Archeologists have uncovered Martin Luther’s household waste, including beer mugs, toy marbles and a child’s crossbow. The find is being shown in a new exhibition that casts the religious reformer’s private life in a new light. Brother Martin, a stout man, was sitting on the toilet in the Wittenberg Monastery, wearing the black robe of the Augustinian Order, when he was suddenly struck with the fundamental concept of his reformist body of thought. Martin Luther himself noted, in two after-dinner speeches (Nos. 1681 and 3232b), that Protestantism was born in the sewer: “The spiritus sanctus imparted this creation to me on dis cloaca.” [sic] … Excavations in the Wittenberg Monastery have uncovered not only the remains of Luther’s old study, but “a small pit latrine with a lid” in the cellar below, as archeologist Mirko Gutjahr reports. … The digs exposed toys and food remains, broken dishes and grain (dated to the year 1500, using the C-14 method). The archeologists also found his wife’s wedding ring and a hoard of 250 silver coins. The German State Museum of Prehistory will unveil the exhibition of Luther’s personal effects this Friday, to coincide with Reformation Day. The catalogue describes the content of the exhibition as “sensational,” noting that it enables us to reexamine “entire chapters in human life.”
“Now that’s fun!,” saith Jim. But wait a second! How do we know that the “wedding ring” they found in the garbage (!) belonged to Luther’s beloved Katie, any more than we know that the so-called “Seal of Gedaliah” belonged to the character named in II Kings 25:22-26? And for that matter, how do we know that this newly-uncovered latrine is the exact place where, according to popular (i.e., wrong1) belief, Luther had his epiphany, any more than we know that the so-called “Palace of David” was the actual residence of the biblical king? To me this is simply another example of archaeological fudging and journalistic sensationalism, methodologically indistinguishable from fanciful reports of successful excavations of Noah’s Ark and the Garden of Eden—unless there exist, shall we say, different evaluative standards for biblical and Reformation archaeological finds. But, as Marion Cotesworth-Hay of Marblehead once put it, “that is a different foxhunt altogether, isn’t it?”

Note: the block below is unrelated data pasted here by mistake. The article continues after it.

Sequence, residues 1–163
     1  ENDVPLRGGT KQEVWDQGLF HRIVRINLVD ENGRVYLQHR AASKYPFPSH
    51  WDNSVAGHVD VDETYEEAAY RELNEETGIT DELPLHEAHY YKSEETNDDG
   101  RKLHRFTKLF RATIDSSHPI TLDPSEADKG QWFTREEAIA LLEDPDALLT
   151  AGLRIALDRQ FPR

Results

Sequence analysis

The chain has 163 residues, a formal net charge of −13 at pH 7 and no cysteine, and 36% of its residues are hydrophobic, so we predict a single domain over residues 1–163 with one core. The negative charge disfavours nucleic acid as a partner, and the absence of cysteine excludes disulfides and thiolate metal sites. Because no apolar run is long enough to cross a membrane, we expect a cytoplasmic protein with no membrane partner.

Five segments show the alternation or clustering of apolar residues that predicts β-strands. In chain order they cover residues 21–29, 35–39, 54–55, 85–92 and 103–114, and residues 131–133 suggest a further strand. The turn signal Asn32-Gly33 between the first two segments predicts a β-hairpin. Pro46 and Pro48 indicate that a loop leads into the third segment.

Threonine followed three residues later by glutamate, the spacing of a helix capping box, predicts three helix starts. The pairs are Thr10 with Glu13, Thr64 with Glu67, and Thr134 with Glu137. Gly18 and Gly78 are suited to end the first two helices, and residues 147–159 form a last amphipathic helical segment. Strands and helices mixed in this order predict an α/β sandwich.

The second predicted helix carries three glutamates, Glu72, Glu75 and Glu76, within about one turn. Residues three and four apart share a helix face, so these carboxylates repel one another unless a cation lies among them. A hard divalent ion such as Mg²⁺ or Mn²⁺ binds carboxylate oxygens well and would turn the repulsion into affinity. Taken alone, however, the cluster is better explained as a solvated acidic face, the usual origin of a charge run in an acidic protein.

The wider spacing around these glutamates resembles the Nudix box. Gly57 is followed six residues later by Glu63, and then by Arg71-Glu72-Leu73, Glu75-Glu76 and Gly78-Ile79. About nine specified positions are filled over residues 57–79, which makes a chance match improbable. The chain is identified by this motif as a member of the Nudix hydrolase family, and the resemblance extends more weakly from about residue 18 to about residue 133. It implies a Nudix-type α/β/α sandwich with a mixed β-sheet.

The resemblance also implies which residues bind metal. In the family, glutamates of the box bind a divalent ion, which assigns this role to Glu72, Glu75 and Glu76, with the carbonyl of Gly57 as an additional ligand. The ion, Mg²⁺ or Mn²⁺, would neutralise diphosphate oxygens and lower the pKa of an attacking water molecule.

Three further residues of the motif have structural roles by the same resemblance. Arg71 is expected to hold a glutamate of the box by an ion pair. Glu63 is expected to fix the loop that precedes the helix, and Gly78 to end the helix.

N.B.– Among other things, this post is my shameless attempt to gain access to the above mentioned Guild of Biblical Minimalists by demonstrating that, on odd days and depending on the phases of the moon, I can have sharper minimalistic reactions than Jim West. At the very least I deserve to be included among Those Barely Tolerated by the Guild, though I’m not sure that I wish to be associated with Anson Rainey. Also, this post is a direct response to the Irreverend Mr Ker’s gratuitous accusation that I haven’t “blogged anything of substance in weeks” (!).
1Cf. Steven Ozment (The Age of Reform (1250-1550): An Intellectual and Religious History of Late Medieval and Reformation Europe [New Haven: Yale, 1980], 230): “In the late Middle Ages, the descriptions of oneself as being in cloaca, in stercore, or in latrina were common religious rhetoric, actually derived from the Bible and connoting a state of utter humility and dependence of God. When Luther described his Reformation insight as occurring ‘in cloaca,’ he was saying no more than that he received his understanding of the righteousness of God after a long period of humble meditation in the tower room–actually the library– of the monastery.” But note that Luther (and his medieval forebears and contemporaries) did mean a bit more than what Ozment suggests here: as David William Kling has succinctly put it, “He was, in the parlance of friars, in cloaca, literally in the toilet, or down in the dumps, tormented with Achfentungen” (The Bible in History: How the Texts Have Shaped the Times [New York: Oxford University Press, 2004], 128).